Scoliosis surgery is one of the most extensive elective surgical processes performed on young people. Although there is a great store of knowledge of surgical techniques, patients' experiences of going through surgery have not been extensively studied.
The aim of this study is to describe how a cohort of young people and their parents retrospectively rate postoperative pain and nausea and describe their experiences of scoliosis surgery.
In a retrospective cohort study, 87 young people aged 8–25 years with scoliosis who underwent corrective surgery from 2004 to 2007 were invited to complete a questionnaire, as were their parents. The semistructured questionnaire dealt with experiences of pain, nausea, and global satisfaction pre- and posthospitalization, assessed by visual analogue scales. The free text commentaries were analyzed using qualitative content analysis.
A total of 51 patients (59%) and 65 parents (75%) answered the questionnaires. Out of the completed questionnaires, 41 had idiopathic, 23 neuromuscular, and 6 other types of scoliosis. Postoperative patient-rated pain was severe 7.3 (median, interquartile range 5–8.4, visual analogue scale 0–10 cm), and the severe pain lasted for 5 (median, 2.7–7.0) days. Nausea was rated to a median of 5 (1.1–7.3) and lasted for a median of 3 (1–5.2) days. Global satisfaction was rated to a median of 3.2 (1.5–5.2). Postoperative pain was the most prominent issue, and present pain was found in 51% of respondents. Nausea and loss of appetite were common during the entire hospital stay. Waiting for the nurses' assistance, lack of control, and technical failures with the analgesia equipment caused discomfort. Parents experienced a lack of confidence in the nurses and felt helpless to support their child or relieve the child's suffering.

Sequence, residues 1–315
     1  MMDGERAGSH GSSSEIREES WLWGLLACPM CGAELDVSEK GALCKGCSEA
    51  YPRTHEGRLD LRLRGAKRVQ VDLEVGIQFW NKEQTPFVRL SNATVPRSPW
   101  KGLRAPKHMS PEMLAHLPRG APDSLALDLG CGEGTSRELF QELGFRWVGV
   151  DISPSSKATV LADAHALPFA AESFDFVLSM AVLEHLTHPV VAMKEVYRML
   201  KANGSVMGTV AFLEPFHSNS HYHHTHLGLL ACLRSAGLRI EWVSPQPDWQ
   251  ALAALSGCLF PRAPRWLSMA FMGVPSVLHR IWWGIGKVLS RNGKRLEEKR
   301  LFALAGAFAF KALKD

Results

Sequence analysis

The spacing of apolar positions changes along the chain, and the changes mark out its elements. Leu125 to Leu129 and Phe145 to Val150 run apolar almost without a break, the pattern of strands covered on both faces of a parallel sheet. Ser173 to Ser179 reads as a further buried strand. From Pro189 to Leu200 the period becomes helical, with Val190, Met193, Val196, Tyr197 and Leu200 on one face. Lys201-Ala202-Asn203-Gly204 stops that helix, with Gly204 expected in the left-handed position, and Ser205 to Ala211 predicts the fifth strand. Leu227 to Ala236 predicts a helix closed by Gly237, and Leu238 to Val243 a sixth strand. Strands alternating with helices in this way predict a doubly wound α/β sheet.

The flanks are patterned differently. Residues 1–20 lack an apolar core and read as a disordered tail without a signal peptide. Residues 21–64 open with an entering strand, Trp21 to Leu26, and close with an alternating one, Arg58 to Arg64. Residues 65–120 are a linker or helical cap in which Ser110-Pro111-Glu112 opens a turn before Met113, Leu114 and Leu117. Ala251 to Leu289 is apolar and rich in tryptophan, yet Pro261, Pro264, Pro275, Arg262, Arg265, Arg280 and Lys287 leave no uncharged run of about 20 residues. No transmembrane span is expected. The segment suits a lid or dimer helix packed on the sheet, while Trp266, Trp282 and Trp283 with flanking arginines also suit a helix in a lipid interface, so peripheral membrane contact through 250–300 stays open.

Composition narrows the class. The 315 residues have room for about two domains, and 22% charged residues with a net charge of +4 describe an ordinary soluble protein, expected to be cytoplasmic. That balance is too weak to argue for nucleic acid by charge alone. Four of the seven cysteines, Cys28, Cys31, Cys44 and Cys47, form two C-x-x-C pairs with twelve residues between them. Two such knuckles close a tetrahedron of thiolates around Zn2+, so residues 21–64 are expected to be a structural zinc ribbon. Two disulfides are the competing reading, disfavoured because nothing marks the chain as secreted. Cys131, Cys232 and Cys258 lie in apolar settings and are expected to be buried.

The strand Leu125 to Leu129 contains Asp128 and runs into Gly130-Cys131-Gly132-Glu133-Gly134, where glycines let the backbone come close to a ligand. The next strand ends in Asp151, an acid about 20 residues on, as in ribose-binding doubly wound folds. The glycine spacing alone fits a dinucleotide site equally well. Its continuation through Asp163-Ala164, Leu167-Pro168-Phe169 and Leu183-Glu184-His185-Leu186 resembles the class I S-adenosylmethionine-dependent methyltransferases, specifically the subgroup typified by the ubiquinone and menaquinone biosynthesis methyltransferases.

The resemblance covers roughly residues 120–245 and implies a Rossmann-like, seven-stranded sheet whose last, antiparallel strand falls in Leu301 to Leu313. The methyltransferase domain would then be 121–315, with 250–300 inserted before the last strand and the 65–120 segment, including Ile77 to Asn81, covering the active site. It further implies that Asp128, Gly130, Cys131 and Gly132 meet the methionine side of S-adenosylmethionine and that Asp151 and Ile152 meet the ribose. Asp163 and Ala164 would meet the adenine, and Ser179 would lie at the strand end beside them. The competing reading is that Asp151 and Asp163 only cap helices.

Young people who underwent scoliosis surgery reported severe postoperative pain and nausea during the hospitalization period and persistent and recent onset pain after discharge, although they did not indicate global dissatisfaction with the hospital stay.